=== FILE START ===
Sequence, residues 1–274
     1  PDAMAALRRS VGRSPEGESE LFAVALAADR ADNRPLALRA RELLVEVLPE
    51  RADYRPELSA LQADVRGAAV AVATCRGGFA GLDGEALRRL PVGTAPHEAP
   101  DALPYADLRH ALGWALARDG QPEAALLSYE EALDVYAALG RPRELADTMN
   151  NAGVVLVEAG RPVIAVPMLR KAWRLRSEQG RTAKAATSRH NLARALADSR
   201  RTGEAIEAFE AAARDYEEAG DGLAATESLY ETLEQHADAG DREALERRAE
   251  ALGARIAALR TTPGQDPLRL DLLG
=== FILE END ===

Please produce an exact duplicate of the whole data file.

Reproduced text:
Sequence, residues 1–274
     1  PDAMAALRRS VGRSPEGESE LFAVALAADR ADNRPLALRA RELLVEVLPE
    51  RADYRPELSA LQADVRGAAV AVATCRGGFA GLDGEALRRL PVGTAPHEAP
   101  DALPYADLRH ALGWALARDG QPEAALLSYE EALDVYAALG RPRELADTMN
   151  NAGVVLVEAG RPVIAVPMLR KAWRLRSEQG RTAKAATSRH NLARALADSR
   201  RTGEAIEAFE AAARDYEEAG DGLAATESLY ETLEQHADAG DREALERRAE
   251  ALGARIAALR TTPGQDPLRL DLLG